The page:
\[\begin{align} x &= r \cos \theta = 3 \cos \dfrac{\pi}{4} = \dfrac{3\sqrt{2}}{2}\\ y &= r \sin \theta = 3 \sin \dfrac{\pi}{4} = \dfrac{3\sqrt{2}}{2}\\ z &= z = 4 \end{align}\]Therefore, this point is \[\ans{\left(\dfrac{3\sqrt{2}}{2}, \dfrac{3\sqrt{2}}{2}, 4\right)}\] in rectangular coordinates.

To go in the other direction (from rectangular coordinates to cylindrical), use the following set of formulas (again, the first two are exactly what we use to convert from rectangular to polar in \(\mathbb{R}^2\)):

\[\begin{align} r &= \sqrt{x^2+y^2}\\ \theta &= \tan^{-1} \dfrac{y}{x}\\ z &= z \end{align}\]Convert \((-2,2,6)\) in rectangular coordinates to cylindrical coordinates.

Use the formulas, noting that \(x=-2\), \(y=2\), and \(z=6\).

\[\begin{align} r &= \sqrt{x^2+y^2} = \sqrt{8} = 2\sqrt{2}\\ \theta &= \tan^{-1} \dfrac{y}{x} = \tan^{-1} (-1) = \dfrac{3\pi}{4}\\ z &= z = 6 \end{align}\]Therefore, this point is \[\ans{\left(2\sqrt{2},\dfrac{3\pi}{4},6\right)}\] in cylindrical coordinates.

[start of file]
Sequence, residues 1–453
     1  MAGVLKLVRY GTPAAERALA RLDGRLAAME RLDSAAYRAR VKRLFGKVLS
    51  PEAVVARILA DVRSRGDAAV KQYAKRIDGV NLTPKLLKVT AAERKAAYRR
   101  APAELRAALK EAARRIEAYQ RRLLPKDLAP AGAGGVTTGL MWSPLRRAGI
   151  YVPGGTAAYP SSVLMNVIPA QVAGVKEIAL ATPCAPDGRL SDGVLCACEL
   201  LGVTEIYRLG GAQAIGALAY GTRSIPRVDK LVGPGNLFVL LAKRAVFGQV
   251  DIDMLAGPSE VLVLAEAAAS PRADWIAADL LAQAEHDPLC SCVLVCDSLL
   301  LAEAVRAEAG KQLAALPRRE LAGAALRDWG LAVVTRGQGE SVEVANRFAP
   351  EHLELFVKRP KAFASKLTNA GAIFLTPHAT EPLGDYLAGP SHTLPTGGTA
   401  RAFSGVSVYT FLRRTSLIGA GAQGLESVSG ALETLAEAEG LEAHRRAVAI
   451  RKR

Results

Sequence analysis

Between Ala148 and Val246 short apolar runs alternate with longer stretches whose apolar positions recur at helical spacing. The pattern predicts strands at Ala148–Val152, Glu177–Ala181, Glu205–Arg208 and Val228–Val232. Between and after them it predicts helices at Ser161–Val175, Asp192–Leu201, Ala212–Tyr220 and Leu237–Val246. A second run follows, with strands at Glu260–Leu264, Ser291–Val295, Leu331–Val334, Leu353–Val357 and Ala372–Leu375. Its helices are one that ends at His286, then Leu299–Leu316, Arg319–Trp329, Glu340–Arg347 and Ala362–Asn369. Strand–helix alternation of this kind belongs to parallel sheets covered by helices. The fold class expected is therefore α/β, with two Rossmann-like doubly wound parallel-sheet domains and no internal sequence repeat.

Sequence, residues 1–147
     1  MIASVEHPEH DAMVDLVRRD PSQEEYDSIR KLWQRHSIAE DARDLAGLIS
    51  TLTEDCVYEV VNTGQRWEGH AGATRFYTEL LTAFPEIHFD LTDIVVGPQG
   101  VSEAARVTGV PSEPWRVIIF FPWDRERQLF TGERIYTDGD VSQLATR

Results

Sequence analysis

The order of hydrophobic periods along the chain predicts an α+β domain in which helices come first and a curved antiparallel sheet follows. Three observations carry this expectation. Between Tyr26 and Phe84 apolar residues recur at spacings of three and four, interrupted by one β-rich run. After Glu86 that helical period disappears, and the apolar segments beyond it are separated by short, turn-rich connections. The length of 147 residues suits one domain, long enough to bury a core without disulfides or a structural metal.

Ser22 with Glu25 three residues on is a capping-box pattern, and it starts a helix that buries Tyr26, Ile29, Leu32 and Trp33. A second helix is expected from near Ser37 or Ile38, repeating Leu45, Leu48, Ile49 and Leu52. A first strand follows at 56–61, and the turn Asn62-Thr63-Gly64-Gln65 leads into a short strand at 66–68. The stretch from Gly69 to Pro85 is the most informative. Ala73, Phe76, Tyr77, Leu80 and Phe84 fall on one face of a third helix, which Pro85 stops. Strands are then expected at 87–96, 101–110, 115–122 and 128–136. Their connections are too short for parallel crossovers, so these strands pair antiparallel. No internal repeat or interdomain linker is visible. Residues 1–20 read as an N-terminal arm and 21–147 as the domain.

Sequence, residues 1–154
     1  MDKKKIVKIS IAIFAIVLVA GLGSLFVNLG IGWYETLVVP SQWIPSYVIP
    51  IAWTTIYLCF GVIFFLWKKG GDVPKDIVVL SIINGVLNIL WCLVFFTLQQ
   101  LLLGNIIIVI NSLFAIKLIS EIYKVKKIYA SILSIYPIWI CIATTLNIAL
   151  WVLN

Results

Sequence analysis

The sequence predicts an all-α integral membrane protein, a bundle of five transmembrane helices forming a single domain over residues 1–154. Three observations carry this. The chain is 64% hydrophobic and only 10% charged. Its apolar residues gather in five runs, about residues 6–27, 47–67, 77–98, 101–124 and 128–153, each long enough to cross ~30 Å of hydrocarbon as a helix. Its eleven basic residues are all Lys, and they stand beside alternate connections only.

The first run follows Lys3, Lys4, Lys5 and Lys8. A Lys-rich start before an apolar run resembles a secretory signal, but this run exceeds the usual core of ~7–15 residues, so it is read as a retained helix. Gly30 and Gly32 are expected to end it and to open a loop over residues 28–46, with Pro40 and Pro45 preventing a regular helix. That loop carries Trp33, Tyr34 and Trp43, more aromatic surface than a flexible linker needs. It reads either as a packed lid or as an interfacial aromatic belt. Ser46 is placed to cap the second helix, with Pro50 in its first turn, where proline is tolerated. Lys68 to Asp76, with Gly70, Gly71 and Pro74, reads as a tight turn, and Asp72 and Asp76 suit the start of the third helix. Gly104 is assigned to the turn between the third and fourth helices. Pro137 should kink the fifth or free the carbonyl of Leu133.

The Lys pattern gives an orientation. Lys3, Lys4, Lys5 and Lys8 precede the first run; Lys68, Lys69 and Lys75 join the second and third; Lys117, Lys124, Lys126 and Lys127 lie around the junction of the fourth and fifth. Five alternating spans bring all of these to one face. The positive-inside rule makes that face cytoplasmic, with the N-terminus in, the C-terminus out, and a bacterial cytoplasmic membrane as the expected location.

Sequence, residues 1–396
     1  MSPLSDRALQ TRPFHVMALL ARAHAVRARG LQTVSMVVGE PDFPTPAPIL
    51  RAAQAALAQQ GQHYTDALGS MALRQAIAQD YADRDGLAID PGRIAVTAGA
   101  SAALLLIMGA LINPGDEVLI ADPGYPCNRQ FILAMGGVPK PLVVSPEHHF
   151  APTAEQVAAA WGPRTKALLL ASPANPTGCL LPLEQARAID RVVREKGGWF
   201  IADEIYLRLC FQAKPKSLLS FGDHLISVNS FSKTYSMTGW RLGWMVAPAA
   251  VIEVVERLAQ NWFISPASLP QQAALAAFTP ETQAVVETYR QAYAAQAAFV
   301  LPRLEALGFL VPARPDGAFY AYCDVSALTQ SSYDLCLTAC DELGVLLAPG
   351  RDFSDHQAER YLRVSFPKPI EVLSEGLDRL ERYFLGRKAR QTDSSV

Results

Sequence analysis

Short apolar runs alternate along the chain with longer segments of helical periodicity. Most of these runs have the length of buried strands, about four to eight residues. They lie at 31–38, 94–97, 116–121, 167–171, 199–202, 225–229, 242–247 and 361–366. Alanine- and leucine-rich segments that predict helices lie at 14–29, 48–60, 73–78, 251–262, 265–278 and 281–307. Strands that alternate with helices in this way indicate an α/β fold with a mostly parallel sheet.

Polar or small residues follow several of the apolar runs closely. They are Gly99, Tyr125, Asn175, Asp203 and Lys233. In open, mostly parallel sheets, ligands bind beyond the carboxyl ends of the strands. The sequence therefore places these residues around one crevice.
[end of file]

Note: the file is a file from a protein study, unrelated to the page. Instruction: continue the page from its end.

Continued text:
Spherical coordinates are similar to the way we describe a point on the surface of the earth using latitude and longitude. By specifying the radius of a sphere and the latitude and longitude of a point on the surface of that sphere, we can describe any point in \(\mathbb{R}^3\). To describe the latitude and longitude, we use two angles: \(\theta\) (the angle from the positive x axis) and \(\phi\) (the angle from the positive z axis). We therefore have three coordinates \((\rho,\theta,\phi)\), where \(\rho\) is the radius of the sphere.

Note that \[\begin{align} 0 &\leq \theta < 2\pi\\ 0 &\leq \phi \leq \pi\\ \rho &\geq 0 \end{align}\]